When Readers’ Comments DO Hurt My Feelings

When Readers' Comments DO Hurt | Not Dressed As Lamb

As many of you know I’ve received my fair share of trolling – nothing major, but stuff that would seriously hurt the feelings of someone who’s quite sensitive. Personally, I don’t really give two hoots about what people think about what I wear as many of you know (and, thankfully, you share the same sentiment about yourselves)!

I do, however, get cross about people criticising others for absolutely no reason. It’s unnecessary, hurtful and encourages others to do the same (and to do worse). And I’ll defend others to the hilt when it comes to women putting other women down – there’s no room for it in my space of the blogosphere.

On a similar-but-slightly-different note, this week I received a comment from a regular reader that really upset me. For starters, it was probably something I didn’t need to know (in the same way that I don’t ask for critiques of my outfits, I didn’t ask for this opinion). Secondly, it just didn’t make sense – the comments were somewhat contradictory.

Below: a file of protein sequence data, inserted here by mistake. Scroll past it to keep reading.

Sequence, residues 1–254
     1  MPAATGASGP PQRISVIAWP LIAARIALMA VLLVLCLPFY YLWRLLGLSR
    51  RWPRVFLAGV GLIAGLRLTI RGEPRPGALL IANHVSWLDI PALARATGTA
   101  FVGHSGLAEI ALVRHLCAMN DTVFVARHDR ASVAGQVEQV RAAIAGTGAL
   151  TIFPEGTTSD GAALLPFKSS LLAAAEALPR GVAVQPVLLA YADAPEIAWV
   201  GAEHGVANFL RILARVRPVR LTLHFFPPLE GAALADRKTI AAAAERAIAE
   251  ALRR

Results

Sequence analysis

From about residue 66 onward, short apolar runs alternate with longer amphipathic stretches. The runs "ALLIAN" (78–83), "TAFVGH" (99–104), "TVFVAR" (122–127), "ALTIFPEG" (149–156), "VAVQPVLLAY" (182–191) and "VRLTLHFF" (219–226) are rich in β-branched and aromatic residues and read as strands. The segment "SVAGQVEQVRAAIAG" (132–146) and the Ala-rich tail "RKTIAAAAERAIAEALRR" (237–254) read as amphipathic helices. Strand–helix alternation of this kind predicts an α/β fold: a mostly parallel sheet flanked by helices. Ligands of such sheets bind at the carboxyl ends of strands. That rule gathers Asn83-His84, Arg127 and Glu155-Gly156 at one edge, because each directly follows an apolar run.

The comment was:

“I don’t know if you want any feedback on this [I didn’t ask in this instance, this comment came out of the blue] but personally I’m not keen on the blog posts that feature collaborations with brands. I appreciate that you are trying to make a living but I don’t like the commercialism involved. I do still enjoy seeing your personal style, reading your musings and checking out your other blogger recommendations so I’ll just opt out of reading the collaborative/sponsored posts (it’s easy as you do declare them). The I Will Wear What I Like link up is still one of my favourites.”

To cut a long story short: That comment hurt. On so many levels. To me, that comment is basically saying, “I don’t like the commercialism of your sponsored posts, whether they’re well-written or not. So I’m just going to boycott them full stop.”

The contradiction